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Wildfire specialists use mathematical models to predict fire activity and better understand how to fight them.
As fires continue to burn in Alberta, firefighting experts firefighters use modeling and satellites to aid firefighting.
Mathematical models are thus used to predict the activity of fires and better understand how to fight them. The technique allows experts to create a three-dimensional model of existing or historic fires to determine where fires will continue to burn, how dangerous they are, and how certain weather conditions might affect them.
We have fire behavior experts constantly working with a variety of tools at their disposal, including modeling and the condition of combustibles in various parts of the province, says unit lead Christie Tucker. information sheet from Alberta Wildfire.
This approach gives insight into how best to fight out-of-control fires and helps front-line firefighters better predict movement fire and smoke.
However, this is not a foolproof practice, as Christie Tucker points out. There are always things that cannot be predicted exactly. When things are moving very quickly, when there are gusts, it's less predictable.
Professor of computer engineering at Carleton University, Gabriel Wainer focuses on creating mathematical equations to simulate wildfire activity.
He explains that this technology has made major advances over the decades, allowing firefighters to better understand and respond to fires.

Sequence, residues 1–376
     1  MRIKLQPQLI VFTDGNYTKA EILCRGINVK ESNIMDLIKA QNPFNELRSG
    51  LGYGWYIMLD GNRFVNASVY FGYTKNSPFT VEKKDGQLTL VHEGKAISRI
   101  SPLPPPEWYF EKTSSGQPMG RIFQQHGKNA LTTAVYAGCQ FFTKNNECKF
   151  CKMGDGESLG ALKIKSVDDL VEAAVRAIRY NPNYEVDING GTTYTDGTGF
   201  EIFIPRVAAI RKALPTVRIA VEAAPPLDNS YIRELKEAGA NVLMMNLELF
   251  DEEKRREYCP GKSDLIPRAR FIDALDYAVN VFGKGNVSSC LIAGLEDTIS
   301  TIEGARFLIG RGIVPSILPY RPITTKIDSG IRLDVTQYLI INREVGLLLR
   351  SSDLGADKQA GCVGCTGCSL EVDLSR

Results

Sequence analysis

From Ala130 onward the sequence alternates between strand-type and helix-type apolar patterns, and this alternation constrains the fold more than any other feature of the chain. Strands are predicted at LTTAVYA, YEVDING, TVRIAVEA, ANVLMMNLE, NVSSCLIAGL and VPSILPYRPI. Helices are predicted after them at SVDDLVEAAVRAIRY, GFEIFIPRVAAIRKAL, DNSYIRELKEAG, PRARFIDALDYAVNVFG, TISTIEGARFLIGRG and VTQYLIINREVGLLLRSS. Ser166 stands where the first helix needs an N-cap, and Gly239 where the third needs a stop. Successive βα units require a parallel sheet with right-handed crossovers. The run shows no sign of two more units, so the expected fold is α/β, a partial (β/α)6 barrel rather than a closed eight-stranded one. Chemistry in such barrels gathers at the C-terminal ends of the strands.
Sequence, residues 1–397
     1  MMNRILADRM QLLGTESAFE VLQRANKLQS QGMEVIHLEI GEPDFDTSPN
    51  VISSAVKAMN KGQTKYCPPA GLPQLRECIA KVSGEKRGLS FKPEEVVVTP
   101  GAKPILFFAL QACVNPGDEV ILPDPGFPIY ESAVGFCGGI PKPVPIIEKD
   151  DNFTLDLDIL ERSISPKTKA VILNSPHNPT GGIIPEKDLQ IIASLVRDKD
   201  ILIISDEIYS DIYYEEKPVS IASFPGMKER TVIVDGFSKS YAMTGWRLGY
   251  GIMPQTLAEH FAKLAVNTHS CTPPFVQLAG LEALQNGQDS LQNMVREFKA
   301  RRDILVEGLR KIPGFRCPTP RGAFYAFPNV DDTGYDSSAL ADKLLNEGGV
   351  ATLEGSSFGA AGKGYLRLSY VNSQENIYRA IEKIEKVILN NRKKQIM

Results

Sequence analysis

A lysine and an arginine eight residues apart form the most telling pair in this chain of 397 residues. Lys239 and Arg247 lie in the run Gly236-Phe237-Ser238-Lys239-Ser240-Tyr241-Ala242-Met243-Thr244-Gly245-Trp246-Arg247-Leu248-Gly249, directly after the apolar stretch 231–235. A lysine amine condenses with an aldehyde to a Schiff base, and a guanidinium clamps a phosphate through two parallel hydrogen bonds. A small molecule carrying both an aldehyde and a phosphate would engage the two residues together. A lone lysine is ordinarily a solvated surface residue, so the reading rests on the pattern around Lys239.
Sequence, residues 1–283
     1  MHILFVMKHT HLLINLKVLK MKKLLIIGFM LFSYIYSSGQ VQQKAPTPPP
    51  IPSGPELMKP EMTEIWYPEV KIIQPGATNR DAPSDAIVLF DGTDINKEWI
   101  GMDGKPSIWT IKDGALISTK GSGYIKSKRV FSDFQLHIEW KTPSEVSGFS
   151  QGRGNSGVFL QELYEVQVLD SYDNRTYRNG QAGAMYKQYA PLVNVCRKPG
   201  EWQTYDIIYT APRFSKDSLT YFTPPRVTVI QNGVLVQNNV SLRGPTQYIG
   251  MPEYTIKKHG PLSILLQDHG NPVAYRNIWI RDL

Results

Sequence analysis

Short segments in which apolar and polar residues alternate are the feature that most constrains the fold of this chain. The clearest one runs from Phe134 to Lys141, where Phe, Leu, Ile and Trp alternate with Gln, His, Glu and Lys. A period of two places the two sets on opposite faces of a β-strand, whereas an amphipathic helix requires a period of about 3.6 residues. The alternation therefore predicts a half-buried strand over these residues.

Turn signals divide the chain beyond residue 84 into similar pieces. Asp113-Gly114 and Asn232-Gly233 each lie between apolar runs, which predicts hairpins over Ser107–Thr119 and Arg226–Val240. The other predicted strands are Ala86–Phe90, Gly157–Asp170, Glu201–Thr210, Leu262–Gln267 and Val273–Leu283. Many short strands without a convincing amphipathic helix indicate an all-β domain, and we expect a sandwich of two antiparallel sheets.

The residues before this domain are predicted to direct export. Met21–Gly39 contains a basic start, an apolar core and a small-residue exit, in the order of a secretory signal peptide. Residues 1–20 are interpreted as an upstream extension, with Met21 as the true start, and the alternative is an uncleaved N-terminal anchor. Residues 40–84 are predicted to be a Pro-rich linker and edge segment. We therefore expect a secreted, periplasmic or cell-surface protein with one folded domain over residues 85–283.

Models, simulations, artificial intelligence, geographic information systems, visualization, real-time data, satellite information, not to mention experts in the field: we currently have many tools to try to solve this problem, notes Gabriel Wainer.
Satellites can provide information on things like the radiative power of fires, a measure of how much energy a fire gives off. This allows fire officials to know where the hot spots are as well as where the fire is most likely to grow and how fast.
S&# x27;there is, for example, more wind and the fuel is no longer grass, but rather pines or redwoods [trees], no need to burn anything. You just have to change the mathematical model to know what will happen, says Gabriel Wainer.
Over the past decade, the number of Earth observation satellites increased dramatically, thanks to cheaper technology and the arrival of private industry.
According to the Union of Concerned Scientists, an organization that is dedicated to the defense of science, there were 192 such satellites in 2014. Today there are 971.
With information by Katarina Szulc